Sunday, April 10, 2011

The Sea of Duh

It might be safe to say that even cows occasionally pass through periods of what could be called curiosity. Who knows? Maybe they get twitches of wondering about the grass and dandelions on the other side of the fence. Probably a good bet that all animals possess degrees of inquisitiveness about things around them. And we humans—if we are to believe the poets—created only a little lower than the angels, are born with a supreme sense of curiosity, a desire that follows us through our days to know or learn something. At least that is supposed to be the case.

I have my doubts. Though I’d like to think otherwise, genuine interest or curiosity about anything outside the boundaries of pop culture, Facebook, celebrity worship and Twitter has been on the wane for some years. One of the results of this ‘trend’ is an ever-widening sea of cultural illiteracy.

Yesterday I answered a knock on the door to find a young Japanese man, a face I had never seen before. He is visiting with an American family from Grand Rapids, Michigan, an exchange student from Tokyo. Someone around here told this fella that a man across the way lived in Tokyo for a long time, and curious I suppose, he knocked on my door. A very personable eighteen year-old, he was a blizzard of English impressive for one in this country only five months. Not long into our conversation—all in English—he explained carefully that the goal of an exchange student is a little more than many people seem to understand. No trouble on my side with where his thoughts were going, but I wanted to hear him spell it out. From impressions he has gathered over his months in the US, many people imagine that ‘exchange’ implies a simple trade-off of two students switching locations for a set period of time.

What this young man—call him Shintarô—is discovering is that few of his American classmates are interested in what life is like for high school seniors in Japan, and similarly uninterested in explaining the customs and culture of their own country. They have no curiosity or interest in either side of the question. Descriptions of his interaction with Americans his age hints at boredom, with shallow and trivial chatter best characterized as Twitter-talk. Am I surprised? Mmm… No.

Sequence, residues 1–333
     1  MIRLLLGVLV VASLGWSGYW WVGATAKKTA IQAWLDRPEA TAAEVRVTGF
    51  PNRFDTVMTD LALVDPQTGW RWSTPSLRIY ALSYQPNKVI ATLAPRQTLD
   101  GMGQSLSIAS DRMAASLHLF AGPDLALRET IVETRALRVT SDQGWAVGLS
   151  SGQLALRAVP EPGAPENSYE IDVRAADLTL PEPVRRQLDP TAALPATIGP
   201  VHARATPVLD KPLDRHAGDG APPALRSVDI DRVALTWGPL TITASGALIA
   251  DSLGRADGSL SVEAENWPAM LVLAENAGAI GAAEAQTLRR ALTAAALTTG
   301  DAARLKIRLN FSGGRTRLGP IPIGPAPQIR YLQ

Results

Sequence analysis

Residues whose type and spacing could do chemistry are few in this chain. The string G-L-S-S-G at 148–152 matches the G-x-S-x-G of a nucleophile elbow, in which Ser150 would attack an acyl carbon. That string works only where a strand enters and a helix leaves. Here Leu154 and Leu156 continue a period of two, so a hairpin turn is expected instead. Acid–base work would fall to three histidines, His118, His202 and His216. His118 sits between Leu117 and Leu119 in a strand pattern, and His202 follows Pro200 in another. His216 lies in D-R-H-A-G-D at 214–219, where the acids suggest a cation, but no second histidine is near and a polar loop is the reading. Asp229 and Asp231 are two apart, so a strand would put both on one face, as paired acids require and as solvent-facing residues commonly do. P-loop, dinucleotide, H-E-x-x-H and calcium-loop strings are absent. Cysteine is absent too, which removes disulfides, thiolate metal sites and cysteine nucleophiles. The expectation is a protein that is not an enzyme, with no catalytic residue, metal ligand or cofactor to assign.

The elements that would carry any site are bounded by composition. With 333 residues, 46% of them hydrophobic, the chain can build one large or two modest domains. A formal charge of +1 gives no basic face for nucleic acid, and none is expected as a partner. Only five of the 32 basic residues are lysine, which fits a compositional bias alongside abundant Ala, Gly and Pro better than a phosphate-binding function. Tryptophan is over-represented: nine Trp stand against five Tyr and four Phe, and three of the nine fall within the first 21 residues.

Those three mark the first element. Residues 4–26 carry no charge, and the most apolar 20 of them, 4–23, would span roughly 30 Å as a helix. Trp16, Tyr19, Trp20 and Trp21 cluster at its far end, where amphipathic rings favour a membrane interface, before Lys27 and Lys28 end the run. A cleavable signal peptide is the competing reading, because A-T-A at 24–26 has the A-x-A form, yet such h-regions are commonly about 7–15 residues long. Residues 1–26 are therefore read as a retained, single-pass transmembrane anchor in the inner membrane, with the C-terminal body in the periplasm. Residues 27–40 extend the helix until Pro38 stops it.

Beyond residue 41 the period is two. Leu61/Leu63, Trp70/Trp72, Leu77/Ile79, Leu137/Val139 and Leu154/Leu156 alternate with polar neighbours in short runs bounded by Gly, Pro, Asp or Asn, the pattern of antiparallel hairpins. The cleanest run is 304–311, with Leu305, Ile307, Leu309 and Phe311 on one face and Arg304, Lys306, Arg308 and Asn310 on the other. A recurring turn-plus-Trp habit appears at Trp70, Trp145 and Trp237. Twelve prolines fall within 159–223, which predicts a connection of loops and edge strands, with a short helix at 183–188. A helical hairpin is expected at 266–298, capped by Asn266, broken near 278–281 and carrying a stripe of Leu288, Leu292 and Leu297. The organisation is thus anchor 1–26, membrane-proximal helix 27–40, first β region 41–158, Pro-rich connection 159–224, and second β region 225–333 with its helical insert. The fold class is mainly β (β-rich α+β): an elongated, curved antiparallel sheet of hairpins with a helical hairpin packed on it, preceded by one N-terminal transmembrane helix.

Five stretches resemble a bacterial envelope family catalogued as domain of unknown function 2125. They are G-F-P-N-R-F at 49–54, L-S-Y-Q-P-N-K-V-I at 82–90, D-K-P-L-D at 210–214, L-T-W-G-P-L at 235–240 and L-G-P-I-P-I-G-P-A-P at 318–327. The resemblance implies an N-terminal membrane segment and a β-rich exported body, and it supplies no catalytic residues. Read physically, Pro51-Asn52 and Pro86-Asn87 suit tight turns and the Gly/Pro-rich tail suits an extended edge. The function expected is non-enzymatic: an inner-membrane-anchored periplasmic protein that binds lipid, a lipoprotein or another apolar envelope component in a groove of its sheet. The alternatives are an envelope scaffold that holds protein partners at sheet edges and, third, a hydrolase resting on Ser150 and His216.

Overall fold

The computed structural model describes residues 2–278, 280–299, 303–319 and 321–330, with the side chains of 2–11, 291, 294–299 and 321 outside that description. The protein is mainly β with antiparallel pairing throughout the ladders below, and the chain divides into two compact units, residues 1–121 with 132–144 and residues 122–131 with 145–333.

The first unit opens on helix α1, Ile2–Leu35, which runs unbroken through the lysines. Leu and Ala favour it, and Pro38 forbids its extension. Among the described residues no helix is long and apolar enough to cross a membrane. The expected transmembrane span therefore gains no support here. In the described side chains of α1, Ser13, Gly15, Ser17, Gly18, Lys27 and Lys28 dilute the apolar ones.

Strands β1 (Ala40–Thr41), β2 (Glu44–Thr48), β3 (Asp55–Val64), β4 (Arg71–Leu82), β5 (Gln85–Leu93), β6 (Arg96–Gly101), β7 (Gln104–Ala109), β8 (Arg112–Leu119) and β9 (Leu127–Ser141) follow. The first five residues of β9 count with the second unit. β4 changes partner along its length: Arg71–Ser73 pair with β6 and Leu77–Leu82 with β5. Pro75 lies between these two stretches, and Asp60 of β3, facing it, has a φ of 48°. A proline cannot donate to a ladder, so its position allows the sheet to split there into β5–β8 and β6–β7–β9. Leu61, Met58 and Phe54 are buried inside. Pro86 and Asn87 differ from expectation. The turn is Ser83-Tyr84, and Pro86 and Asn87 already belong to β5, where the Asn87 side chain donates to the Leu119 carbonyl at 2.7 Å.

The surprise comes with hearing these words from a Japanese high school student. From my own personal experience, he might have been describing Japanese young people and their their lack of substantive thought or interest in something other than their cell phones, Cream Stew (TV comedians) and fashion. The interesting thing about Shintarô’s experience is that he is describing something strongly identifiable with his fellow Japanese teenagers. Seems it’s a phenomenon among people on both sides, and likely elsewhere as well.

There are always exceptions and the young man who knocked on my door yesterday is certainly one of them. In thirty minutes of conversation he proved to be bright, well-informed and curious about many things. Chances are good there are a few students at his American school who can challenge him with an exchange of ideas and experiences. Hopefully he will link up with those students.


  1. Interesting post about the thoughts of young people....both Japanese and Americans. Seems it the "sign of the times" as young people go about life interested in nothing else but self. What a shame. What a delight to hear about this young Japanese student.

  2. Thanks for this post! We had a Japaneses exchange student in 2009. All she seemed to care about were boys. I was shocked at her choice of clothing as well - way too sexy for her age in my opinion. When my daughter returned the visit in Japan, she reported that it was the same with other girls there and quickly lost interest in Japan, I'm afraid.

  3. Make that only one "Japaneses" - **grin**

  4. I think folks of every generation bemoan the lack of cultural literacy in the young and true to a large extent in every generation. But now--even with the ability to surf directly into libraries and the like--there seems to be an even bigger wasteland of the non-curious. Indeed, some students are hard-pressed to point out their state on a map. Always reminds of me of the 1961 bestseller A NATION OF SHEEP. And then there's the 1955 bestseller WHY JOHNNY CAN'T READ.


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Oak Hill, Florida, United States
A longtime expat relearning the footwork of life in America